Among other duties, Gross and his team are charged with ensuring the mechanical equipment—air handlers, boilers, controls, ice machines and what-not—hums efficiently and reliably. It’s all part of him helping to fulfill Feldman’s agenda of the past 11 years.
“This used to be a small hospital before Debbie joined,” Gross says. “Growth wasn’t a priority, but she was committed to us becoming a major player. We’ve grown rapidly.”
Learned from others
At 38, Gross is still a young man, and he credits some veterans for easing his role. There’s Dan Faulkner and Rex Campbell, who bring a combined half-century’s expertise to Dayton Children’s.
According to Gross, Faulkner handles the day-to-day emergencies and ensures the hospital’s aesthetics. While other children’s hospitals might emphasize a Disney theme, Dayton having been home to the Wright Brothers, there’s much aviation art in the design and on the walls.
Campbell, the building services supervisor, oversees advanced technicians and life-safety functions. The two men have been in the trenches in many regulatory surveys. Then there is Rob McCormick, the building services manager who joined Dayton Children’s eight years ago after working as an outside contractor on the nine-story patient tower. His 30 years of experience and innate leadership abilities make him a great fit.
“I love that I get to work with a team of people I respect and genuinely care about,” Gross says.
It did take Gross some years before finding his calling. As an undergrad at Sinclair Community College and Hocking College, he studied visual communications and business before becoming an agent in 2010 at the Dayton firm of Irongate Inc. Realtors.
He showed initiative there, founding Yepsold.com, a web-based marketing platform that featured Irongate listings on more than 150 search engines and landed him an appearance on Barbara Corcoran’s “The Today Show” segment. In 2013, a man named Steve Turner asked Gross to help him market his Dayton firm, Turner Property Services Group Inc.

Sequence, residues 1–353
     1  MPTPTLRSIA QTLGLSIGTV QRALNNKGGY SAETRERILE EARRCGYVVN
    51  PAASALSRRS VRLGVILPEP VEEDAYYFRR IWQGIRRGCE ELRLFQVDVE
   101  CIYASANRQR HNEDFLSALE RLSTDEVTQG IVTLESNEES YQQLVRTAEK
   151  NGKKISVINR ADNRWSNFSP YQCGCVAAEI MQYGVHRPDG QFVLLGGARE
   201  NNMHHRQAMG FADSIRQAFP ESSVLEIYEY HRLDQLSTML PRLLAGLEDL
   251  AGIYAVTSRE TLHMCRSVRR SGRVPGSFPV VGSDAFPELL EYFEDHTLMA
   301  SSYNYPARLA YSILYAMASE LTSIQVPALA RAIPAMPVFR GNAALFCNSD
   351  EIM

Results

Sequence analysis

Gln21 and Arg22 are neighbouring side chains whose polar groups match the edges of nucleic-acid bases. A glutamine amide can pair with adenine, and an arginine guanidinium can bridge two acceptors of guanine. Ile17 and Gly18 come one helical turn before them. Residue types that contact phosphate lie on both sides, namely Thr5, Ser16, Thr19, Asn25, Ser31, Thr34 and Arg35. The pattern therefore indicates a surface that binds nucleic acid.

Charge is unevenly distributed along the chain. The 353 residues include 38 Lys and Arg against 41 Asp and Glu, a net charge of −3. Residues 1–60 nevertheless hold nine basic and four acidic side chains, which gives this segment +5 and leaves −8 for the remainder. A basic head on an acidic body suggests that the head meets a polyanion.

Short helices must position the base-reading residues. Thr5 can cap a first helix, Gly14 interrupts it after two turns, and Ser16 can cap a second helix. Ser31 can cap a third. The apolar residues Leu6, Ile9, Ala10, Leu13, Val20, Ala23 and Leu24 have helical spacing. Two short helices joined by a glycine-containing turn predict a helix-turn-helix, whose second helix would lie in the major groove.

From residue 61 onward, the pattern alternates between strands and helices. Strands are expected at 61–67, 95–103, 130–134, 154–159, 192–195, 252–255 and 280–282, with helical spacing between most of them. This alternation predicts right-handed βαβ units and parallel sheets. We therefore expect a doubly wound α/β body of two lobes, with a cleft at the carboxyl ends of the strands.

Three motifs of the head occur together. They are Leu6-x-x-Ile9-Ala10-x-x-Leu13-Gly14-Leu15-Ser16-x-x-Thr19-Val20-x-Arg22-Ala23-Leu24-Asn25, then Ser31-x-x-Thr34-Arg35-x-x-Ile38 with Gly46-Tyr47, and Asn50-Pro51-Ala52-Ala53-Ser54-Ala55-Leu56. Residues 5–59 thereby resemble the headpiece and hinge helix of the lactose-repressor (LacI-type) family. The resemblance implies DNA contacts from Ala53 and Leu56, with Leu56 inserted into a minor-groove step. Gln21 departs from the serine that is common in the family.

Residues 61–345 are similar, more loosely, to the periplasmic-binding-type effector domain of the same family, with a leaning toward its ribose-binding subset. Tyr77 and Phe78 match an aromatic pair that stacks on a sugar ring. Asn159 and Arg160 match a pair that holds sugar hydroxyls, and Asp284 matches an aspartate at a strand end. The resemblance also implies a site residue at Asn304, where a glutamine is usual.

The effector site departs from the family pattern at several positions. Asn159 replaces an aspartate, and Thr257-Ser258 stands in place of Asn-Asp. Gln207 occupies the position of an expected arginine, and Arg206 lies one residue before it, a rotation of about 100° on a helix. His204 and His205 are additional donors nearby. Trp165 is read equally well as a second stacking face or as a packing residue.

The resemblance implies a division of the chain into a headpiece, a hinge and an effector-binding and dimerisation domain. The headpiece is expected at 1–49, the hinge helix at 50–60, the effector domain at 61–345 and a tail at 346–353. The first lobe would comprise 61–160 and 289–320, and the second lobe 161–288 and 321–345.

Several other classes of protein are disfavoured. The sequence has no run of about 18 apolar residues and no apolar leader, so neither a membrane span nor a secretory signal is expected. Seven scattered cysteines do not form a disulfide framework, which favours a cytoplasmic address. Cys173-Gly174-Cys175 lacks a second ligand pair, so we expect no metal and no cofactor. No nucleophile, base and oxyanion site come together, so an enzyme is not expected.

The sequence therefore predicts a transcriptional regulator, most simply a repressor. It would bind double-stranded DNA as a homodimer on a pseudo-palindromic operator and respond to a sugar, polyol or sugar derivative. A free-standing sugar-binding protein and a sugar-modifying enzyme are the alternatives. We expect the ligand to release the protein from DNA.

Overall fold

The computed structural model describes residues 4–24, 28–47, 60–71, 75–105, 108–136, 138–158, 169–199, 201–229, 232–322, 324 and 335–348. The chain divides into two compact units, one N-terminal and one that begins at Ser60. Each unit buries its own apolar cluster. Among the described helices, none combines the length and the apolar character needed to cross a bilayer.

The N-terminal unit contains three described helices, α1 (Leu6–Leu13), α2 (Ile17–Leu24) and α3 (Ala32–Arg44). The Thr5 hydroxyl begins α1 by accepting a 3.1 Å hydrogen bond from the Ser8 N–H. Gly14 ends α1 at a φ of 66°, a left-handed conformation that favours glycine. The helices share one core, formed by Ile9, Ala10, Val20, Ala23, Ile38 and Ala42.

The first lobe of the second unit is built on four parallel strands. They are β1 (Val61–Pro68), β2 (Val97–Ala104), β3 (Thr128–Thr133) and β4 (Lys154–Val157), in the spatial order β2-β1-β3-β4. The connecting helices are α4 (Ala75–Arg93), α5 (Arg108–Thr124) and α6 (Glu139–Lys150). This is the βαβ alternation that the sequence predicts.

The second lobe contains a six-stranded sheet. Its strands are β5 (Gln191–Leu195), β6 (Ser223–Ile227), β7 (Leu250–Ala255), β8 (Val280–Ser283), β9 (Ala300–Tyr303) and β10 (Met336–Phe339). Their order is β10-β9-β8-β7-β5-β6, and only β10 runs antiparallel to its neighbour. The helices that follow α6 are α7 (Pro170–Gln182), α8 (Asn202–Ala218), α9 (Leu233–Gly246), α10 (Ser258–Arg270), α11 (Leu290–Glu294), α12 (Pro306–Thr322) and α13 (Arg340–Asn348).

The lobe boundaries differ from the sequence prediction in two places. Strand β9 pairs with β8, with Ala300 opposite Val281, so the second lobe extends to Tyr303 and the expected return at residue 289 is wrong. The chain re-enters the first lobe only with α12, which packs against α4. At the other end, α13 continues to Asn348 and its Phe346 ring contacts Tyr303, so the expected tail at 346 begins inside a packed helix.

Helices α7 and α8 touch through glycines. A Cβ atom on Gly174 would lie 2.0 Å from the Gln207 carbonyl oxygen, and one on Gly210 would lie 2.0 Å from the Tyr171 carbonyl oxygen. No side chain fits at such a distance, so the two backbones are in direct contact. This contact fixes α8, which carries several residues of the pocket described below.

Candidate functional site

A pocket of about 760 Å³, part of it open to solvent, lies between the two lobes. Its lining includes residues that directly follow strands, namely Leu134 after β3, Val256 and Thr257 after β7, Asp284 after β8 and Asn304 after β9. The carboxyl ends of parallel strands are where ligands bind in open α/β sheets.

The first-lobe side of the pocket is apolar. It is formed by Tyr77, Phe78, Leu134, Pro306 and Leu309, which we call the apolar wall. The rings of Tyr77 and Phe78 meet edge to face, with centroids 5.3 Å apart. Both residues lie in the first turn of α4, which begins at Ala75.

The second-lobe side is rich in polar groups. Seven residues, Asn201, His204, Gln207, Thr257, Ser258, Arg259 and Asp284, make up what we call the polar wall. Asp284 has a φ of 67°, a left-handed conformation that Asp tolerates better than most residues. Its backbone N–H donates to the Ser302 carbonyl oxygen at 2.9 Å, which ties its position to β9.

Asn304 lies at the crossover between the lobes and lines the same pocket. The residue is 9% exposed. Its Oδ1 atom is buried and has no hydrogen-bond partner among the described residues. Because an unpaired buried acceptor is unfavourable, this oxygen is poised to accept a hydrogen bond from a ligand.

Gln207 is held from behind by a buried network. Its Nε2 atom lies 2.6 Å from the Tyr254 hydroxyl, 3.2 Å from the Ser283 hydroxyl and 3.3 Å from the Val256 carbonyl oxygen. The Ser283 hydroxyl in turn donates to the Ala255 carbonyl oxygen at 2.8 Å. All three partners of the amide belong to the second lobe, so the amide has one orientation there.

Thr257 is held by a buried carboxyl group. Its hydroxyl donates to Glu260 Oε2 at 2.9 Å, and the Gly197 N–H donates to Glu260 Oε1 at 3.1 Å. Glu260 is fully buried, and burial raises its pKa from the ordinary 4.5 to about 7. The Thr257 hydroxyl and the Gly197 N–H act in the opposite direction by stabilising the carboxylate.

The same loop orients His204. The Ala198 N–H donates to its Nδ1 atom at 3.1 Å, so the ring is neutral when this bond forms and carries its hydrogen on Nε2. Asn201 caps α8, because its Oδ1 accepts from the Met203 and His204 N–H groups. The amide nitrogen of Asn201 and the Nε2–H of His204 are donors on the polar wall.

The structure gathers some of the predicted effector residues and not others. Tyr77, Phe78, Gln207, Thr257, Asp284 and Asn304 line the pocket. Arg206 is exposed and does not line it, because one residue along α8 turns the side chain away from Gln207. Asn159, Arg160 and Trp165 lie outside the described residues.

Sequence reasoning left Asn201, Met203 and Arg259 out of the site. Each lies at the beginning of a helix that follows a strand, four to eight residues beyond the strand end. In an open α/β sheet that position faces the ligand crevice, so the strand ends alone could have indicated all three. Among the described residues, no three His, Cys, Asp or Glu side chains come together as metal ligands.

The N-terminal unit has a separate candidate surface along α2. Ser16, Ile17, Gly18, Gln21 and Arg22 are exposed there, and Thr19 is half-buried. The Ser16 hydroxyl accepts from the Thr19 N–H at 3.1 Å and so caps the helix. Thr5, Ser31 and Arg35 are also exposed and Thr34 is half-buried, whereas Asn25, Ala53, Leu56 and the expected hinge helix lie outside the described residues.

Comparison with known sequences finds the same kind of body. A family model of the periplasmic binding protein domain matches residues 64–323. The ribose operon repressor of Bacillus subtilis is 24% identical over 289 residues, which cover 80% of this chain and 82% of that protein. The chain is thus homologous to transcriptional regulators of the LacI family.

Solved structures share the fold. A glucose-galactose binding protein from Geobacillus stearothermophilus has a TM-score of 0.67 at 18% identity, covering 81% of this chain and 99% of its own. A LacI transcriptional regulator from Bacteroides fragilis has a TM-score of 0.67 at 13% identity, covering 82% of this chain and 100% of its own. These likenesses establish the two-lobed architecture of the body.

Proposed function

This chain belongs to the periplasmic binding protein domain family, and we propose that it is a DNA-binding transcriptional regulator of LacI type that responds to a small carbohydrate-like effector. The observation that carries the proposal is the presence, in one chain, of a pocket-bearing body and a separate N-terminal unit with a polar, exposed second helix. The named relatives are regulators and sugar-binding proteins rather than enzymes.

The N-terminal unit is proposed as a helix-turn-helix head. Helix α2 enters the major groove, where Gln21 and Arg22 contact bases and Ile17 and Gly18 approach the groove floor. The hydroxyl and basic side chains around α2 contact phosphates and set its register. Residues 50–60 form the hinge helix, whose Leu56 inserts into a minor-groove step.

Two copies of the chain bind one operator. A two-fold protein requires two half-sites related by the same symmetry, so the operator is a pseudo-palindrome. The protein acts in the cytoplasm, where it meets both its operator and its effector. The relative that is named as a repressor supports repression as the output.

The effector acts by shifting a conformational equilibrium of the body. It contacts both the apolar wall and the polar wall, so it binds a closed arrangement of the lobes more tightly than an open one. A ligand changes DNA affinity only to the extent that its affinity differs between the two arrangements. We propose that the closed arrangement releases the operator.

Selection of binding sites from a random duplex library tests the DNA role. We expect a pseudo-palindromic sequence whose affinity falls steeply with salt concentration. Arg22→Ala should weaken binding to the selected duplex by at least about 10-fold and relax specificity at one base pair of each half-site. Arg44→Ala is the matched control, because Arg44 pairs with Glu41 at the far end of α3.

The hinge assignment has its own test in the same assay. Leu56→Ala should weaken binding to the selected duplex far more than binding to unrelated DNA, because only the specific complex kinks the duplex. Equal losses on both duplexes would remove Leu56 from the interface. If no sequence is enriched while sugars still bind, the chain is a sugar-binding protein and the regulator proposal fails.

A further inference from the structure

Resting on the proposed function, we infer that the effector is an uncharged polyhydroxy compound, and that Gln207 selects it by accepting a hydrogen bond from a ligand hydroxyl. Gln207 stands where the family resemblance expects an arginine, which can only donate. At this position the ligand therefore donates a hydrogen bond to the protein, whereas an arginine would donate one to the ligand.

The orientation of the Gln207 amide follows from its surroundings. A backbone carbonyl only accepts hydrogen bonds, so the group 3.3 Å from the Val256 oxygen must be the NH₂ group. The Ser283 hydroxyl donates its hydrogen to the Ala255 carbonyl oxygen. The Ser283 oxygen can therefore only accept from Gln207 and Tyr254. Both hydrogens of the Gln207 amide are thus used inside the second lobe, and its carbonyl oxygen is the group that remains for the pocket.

The firm soon in flux, Gross was asked to manage its healthcare properties. As the grandson of a construction boss, Gross had basic knowledge, but it took the mentoring of a since-retired Turner vice president, Howard Sweet, to familiarize him with chillers and other complex machinery. He also credits Sweet with instilling in him the skills and work ethic necessary for any healthcare facilities role.
Gross might still be tending to Turner property had it not been for Zoe’s birth in 2014. Children’s needs—his and everybody else’s—hit closer to home. In April 2018, he became Dayton Children’s life safety officer and safety manager and in August 2019 was promoted to his present role. He’s also enhanced his skills with degrees in business and healthcare administration from Colorado Technical University.
And he knows something about safety, be it personal or mechanical. A husky 205-pounder, Gross practices mixed martial arts and is close to receiving his purple belt in Brazilian Jiu Jitsu —the third of five belts. Last August, he grappled with another blue-belted brute, Brandon Padilla, in Kumite IV, a tournament in Covington, Kentucky, watched by 7,000 on pay-per-view. While Padilla won, Gross won’t stay down.
“I continue to train and will be back in the fray,” he says.
View this feature in the Blueprint Vol. V 2023 Edition here.